|Photo by cdsessums, Flickr Creative Commons|
This week’s Monday poetry stretch is to write a poem about home. After the past few years’ missings, leavings and moves, I found these words (and a cat) waiting when I sat down to write.
And as I’ve been memorizing poetry, the latest being Naomi Shihab Nye’s “Kindness,” this poem contains several nods to “Kindness.” Meaning, I stole much of the first line and took inspiration from Nye liberally.
Here’s a third draft of what’s still a work in progress.
Before you know what home really is
you must leave, feel its cool shade thinning
as you drive away. You must spend Sundays
on another couch, catless, no gentle quilt nearby,
no dim room with a narrow bed that knows
your form. Before you learn the density of home,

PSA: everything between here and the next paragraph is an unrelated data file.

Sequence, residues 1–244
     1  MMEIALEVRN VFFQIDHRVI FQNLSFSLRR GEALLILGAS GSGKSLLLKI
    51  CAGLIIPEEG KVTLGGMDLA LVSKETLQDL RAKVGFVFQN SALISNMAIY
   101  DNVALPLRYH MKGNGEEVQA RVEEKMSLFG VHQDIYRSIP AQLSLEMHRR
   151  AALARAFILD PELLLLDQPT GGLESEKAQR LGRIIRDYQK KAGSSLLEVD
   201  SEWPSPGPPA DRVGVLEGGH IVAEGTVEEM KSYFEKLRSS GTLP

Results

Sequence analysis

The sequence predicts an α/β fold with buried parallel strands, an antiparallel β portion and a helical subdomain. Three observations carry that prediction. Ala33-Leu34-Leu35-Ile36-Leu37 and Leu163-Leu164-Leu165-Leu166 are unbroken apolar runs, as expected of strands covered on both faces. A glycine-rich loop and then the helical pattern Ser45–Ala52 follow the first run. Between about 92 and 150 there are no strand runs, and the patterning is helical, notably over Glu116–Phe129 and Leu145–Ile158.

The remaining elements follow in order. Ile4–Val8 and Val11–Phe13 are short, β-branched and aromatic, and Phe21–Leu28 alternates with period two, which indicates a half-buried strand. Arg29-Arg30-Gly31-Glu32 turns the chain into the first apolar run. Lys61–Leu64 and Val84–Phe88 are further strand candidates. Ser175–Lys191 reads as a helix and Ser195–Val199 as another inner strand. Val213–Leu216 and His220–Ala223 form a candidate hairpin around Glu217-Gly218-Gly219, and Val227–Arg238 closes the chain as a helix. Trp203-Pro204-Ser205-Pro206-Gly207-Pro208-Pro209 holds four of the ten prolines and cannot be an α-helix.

you must sit alone with your pizza, remembering
neighbors’ front yard games, boys who shrugged
off boundaries, driveway and hedge, tall windows
framing them like curled photos in an album
handed down. You must smell the garlic air,
how it lingered days after the soup was gone
from the chipped white stove, know again
the damp porch step where you heard the moon
whisper, This world is larger than your questions.
You must hum the creak of the faded red door
as you enter another place, empty,
crave the embrace, call Hello?
again, feel it calling you
(c) 2012 Stephanie Parsley
(with nods to Naomi Shihab Nye)